If you touch a piece and it can be legally moved, then you must move it.


4. What are some chess strategies?
  • Move your pieces toward the center by moving a center pawn so your bishops and queen will be able to move out. Bring out the knights and bishops at the beginning of the game to help control the center. This is called development.
  • Try to move almost every piece once before you move any piece twice.
  • Keep your king safe. Castling will help. Castling allows a player to quickly move both the King to safety and the Rook to the center for battle. For this reason, wise players carefully guard their ability to castle and usually castle early in the game. Players should try to prevent their opponent from castling. The player moves his King two squares toward one of the player's Rooks and moves that Rook to the opposite side of the King. A player may not castle if either the King or the Rook involved have already moved. Also, the King may not castle out of, through, or into check. There must be no pieces between the King and Rook when castling.
  • There are three ways to escape from check. They are move to safety, block the attacker, and capture the attacker.
  • Before you move, make sure none of your pieces are in danger of being captured.
  • Make a plan. Think before you move. Make your pieces work as a team.
  • Don't give up.
  • Learn from your mistakes.
  • If a pawn reaches the eighth space, it may be substituted for any other of the player's pieces except for the king. This may result in having two queens or three rooks.


5. How do pieces attack and capture? Attack means a piece is in position and ready to capture an opponent's piece on the next move.

Capture means to move a piece onto the square that is occupied by an opponent's piece. The opponent's piece is then removed from the board and out of the game.

The Fork is a move in which one piece threatens two other pieces in risk that one of the pieces will be taken.

The Pin causes one piece to be unable to be moved for threat of the capture of an important piece or the king.

The Skewer results when the movement of one piece gives an opportunity to capture another piece.

The bishop is forking the rook and the knight.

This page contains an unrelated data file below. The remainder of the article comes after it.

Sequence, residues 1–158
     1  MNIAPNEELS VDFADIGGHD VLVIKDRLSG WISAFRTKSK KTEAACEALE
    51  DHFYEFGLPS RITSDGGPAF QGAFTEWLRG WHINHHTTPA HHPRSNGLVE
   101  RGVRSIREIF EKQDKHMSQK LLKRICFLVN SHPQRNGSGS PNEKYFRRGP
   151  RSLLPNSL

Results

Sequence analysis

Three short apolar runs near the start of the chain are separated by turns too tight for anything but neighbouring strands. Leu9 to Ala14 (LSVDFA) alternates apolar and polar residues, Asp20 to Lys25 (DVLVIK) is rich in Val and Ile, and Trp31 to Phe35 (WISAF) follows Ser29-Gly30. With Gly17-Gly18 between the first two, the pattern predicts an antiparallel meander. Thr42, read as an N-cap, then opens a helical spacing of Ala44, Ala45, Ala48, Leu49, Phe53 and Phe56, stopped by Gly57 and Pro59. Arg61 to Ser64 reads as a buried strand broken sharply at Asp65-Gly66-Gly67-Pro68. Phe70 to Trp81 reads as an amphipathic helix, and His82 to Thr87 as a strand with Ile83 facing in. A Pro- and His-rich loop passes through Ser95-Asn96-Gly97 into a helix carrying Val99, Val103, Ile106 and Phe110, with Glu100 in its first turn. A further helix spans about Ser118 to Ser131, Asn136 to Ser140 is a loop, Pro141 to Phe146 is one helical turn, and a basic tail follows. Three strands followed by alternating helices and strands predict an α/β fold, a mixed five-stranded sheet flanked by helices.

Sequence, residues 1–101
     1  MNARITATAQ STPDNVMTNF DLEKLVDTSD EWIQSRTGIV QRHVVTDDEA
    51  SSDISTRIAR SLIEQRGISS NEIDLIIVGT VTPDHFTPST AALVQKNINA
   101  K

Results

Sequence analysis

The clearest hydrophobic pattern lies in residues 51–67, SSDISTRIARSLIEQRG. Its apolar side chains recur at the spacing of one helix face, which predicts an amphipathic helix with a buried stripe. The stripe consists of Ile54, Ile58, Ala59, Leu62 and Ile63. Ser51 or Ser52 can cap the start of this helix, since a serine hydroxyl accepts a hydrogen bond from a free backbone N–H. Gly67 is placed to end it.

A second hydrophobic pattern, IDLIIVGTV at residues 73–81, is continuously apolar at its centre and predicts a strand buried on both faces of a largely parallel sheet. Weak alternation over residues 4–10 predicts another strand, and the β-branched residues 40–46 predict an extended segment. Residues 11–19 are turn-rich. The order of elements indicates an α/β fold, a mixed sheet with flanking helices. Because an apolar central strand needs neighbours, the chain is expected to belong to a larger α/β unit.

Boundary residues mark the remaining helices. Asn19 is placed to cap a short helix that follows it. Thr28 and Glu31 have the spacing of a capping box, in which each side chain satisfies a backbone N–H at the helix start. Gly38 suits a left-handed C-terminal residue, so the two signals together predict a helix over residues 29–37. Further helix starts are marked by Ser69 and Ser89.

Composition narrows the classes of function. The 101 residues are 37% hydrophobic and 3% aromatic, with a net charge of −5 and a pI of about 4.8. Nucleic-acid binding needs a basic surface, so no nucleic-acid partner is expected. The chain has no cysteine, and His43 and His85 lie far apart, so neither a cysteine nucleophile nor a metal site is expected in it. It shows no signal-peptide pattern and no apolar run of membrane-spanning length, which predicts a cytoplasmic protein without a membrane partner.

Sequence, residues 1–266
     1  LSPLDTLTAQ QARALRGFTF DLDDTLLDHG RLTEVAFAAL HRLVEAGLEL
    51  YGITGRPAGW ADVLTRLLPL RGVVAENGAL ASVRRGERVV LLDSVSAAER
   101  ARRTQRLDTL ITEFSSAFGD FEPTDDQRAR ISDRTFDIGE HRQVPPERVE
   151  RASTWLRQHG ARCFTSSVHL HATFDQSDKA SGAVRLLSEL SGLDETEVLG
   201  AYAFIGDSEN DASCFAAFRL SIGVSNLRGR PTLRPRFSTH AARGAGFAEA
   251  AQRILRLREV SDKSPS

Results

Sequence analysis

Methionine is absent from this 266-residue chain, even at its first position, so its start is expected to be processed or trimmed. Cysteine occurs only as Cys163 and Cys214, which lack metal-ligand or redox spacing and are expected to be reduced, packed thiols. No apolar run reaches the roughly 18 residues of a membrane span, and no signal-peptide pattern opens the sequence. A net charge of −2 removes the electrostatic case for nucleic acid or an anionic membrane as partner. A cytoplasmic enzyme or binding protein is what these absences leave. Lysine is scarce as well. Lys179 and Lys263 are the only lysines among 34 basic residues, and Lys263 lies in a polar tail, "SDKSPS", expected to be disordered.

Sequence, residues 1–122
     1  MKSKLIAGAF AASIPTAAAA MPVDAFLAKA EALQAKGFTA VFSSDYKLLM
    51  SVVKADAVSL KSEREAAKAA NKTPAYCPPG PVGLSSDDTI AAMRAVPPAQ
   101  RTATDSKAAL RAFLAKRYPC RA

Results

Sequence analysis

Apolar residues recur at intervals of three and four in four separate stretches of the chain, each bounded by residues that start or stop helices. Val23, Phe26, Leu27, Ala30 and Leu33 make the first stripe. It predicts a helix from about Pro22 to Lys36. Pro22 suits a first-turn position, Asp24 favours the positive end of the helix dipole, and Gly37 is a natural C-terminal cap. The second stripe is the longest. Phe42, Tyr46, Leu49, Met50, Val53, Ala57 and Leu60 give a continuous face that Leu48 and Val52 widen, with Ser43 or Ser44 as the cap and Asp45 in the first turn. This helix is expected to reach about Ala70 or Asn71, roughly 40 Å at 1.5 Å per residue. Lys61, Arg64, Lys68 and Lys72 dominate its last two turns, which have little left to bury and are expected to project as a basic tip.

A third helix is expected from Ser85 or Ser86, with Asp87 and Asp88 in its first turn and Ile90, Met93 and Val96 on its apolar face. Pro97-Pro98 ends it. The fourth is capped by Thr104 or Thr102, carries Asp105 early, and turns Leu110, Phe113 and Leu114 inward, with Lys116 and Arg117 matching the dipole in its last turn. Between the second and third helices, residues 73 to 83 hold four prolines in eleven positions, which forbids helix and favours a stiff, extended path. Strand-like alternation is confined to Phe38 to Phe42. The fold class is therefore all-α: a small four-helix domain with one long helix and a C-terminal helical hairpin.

The rook has the knight pinned because moving the knight would put the king in check.

The bishop skewered the king because the king is in check and once the king is moved, the queen is captured.

6. What are some rules for chess etiquette?
  • Practice good sportsmanship. Always shake hands before the game.
  • Take turns
  • Keep your hand off the board and pieces if it is not your turn.
  • Take time to think before each move, and be courteous during your partner's think time.
  • Never annoy your partner.


1. Students read 54-55, "How to Read and Write Chess" in Let's Play chess! and/or Chess Notation.

2. Now that students understand the rules of chess, they are ready to get hands on experience as they play chess.  Click here to see us play. Online chess web sites for students to get chess play experience include:

3.Students use the table of chess notation below to record the moves of their game. Record in journal how they were check mated or achieved a check mate. View a sample journal.

K King
Q Queen
R Rook
B Bishop
N or Kt Knight
P Pawn
x captures
- moves to
+ or ch check
dis ch discovered check
++ or dbl ch double check
e.p. en passant (in passing)
! a good move
!! a very good move
? a bad move
?? a very bad move
!? not sure, but looks good
?! not sure, but looks bad
X or # checkmate
o-o castles kingside

o-o-o castles queenside



Students demonstrate their understanding of chess strategies by solving Omega Chess Puzzles. These puzzles may be shown on a projection screen via an LCD projector or redrawn on large wall charts. Students can then predict outcomes and explain and demonstrate strategies in terms of cause and effect relationships. The strategies taken and the ability to recorded moves in students' journals will be evaluated. See rubric.

Students may also describe in either oral or a written essay why they enjoy playing the game of chess and what they learn as a result of playing.

Follow Up:

Students may play chess on a human chess board. Black and white oak tag may be set up on a gymnasium floor to serve as the chess board or a chess board may be drawn on sheets. Chess pieces may be drawn on oak tag worn front and back (like sandwich signs) by students serving as playing pieces to wear. The chess players call moves to the human chess pieces. The chess pieces move to the space on the chess board that they are instructed to.

A speaker and or instructor may be invited in to address the class regarding chess play. Chess In The Schools is a not-for profit educational organization dedicated to stimulating and enhancing learning skills by teaching chess to kindergarten through eighth grade children in New York's inner-city public schools, in after-schools, with tournaments competitions, and Alumni programs for high school students. Materials and an instructor are provided for the students through Chess In The Schools. Other resources such as this may be found in the locale of the students. These resources may include family members, expert community chess players, local chess clubs. Additional not-for-profit chess organizations that may serve as resources for your students may be found at the Chessville.com.

Students might use modeling clay or papier mache to craft their own chess pieces.

In Lesson 2 students will learn about the history of chess?

Additional Resources:

1. "Chess Improves Children's Reading Scores" describes research that show when students play chess, their reading scores improve.

2. Play online chess against students in P.S. 166, in Connecticut.

3. Chess Class is an instructional chess web site that describes how to set up a chess club and chess competition.

To Table of Contents

To Lesson 2 - Chess History

To Lesson 3 - Chess Roles

To Lesson - 4 The Play's The Thing